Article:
Thousands of Congolese refugees returning home from Angola

By agency reporter
October 10, 2019

Thousands of Congolese refugees are returning from Angola to the Kasai region in the Democratic Republic of the Congo (DRC), where fighting amongst armed groups has lessened and security conditions have improved.

The first group of a few hundred people will return as part of a voluntary repatriation, which will officially begin this week, following the signing on 23 August 2019 of a tripartite agreement between UNHCR and the Governments of Angola and DRC on voluntary returns.

In total, more than 4,000 refugees are expected to be assisted to return home in the coming weeks. UNHCR is providing returnees with transport, as well as cash assistance to help them reintegrate.

Meanwhile, since 18 August, some 12,000 Congolese refugees, including nearly 7,000 children, have spontaneously returned home from the Lovua settlement in Angola’s Lunda Norte province. UNHCR  has expressed gratitude to the Angolan authorities for swiftly providing the returnees with trucks to assist them with their journey back to DRC. 

Many of those returning spontaneously are facing extremely challenging living conditions. UNHCR is providing them with cash assistance, as well as humanitarian aid, together with provincial authorities and NGO partners, at the border town of Kalamba Mbuji, where UNHCR has set up an emergency transit centre.

Similar assistance is also being provided to returnees who have reached Kananga, the capital of Kasai Central province.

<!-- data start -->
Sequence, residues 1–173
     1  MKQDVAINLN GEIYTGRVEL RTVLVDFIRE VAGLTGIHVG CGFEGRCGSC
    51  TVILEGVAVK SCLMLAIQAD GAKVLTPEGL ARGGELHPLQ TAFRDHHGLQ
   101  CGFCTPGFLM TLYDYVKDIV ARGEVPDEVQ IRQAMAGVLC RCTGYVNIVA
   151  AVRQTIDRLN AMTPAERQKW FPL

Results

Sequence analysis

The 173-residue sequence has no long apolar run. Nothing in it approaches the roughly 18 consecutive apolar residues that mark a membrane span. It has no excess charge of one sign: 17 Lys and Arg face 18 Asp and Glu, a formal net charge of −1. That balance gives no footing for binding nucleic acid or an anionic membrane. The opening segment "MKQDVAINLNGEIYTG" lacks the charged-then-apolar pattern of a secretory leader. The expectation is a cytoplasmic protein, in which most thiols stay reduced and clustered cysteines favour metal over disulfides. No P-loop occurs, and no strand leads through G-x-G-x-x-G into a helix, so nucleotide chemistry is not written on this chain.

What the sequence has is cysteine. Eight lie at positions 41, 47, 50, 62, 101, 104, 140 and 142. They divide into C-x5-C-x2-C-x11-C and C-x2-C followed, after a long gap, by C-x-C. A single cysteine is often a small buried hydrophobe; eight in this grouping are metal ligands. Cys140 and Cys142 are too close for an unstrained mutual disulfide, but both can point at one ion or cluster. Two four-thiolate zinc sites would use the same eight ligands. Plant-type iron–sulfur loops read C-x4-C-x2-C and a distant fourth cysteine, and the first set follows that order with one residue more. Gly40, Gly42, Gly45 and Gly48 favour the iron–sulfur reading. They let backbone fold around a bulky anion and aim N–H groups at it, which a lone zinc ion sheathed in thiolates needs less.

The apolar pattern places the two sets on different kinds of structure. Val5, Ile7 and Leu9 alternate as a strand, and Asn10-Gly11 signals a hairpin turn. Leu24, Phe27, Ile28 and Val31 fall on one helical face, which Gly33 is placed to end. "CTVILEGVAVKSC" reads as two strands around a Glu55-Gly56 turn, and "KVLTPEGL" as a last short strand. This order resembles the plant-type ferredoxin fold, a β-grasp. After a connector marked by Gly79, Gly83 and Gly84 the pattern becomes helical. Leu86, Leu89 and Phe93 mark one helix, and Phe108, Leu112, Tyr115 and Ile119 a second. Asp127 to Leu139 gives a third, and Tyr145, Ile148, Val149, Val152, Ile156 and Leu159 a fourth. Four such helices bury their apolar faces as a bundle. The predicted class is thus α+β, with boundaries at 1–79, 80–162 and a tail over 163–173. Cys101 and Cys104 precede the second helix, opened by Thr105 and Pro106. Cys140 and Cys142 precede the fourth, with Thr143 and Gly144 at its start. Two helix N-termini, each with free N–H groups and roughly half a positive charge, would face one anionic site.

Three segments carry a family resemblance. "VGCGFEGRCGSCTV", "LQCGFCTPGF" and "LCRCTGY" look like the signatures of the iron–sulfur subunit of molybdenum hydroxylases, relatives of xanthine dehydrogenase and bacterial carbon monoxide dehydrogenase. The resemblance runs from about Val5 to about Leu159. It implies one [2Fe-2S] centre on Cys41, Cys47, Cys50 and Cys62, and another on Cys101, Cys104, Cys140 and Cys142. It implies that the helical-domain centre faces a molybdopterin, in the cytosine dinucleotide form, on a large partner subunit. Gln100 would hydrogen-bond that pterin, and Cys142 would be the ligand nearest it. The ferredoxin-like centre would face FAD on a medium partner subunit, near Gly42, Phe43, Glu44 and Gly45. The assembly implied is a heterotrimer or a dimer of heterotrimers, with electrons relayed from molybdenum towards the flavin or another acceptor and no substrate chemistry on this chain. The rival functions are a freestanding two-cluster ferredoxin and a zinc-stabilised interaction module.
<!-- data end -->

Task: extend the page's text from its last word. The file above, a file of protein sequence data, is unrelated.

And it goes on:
Although fighting amongst armed groups has calmed, some refugees are still uncertain about the condition in which they will find their homes. Some are unwilling to return to their homes and are moving elsewhere, as they fear a return of inter-ethnic violence.

Public infrastructure, such as schools and health centres, have been badly damaged during multiple periods of fighting and are yet to be repaired. Existing facilities lack the capacity to meet all of the needs of returnees.

The UNHCR continues to support the Government of DRC’s efforts to provide and restore basic services, and to promote social cohesion and reintegration efforts. The UNHCR, through its partner War Child UK, is also conducting protection monitoring in Kananga and surrounding areas to identify and profile protection concerns, and ensure adequate responses.

However, massive financial support is needed from the international community, to humanitarian organisations and to the Government of DRC, in order to create sustainable conditions for returnees.

Current levels of funding are far below the amount needed to allow for a major rebuilding programme. For 2019, UNHCR has received just 57 per cent of US$150 million needed to help people affected by the DRC crisis.

* The United Nations High Commission for Refugees https://www.unhcr.org/uk/

[Ekk/6]

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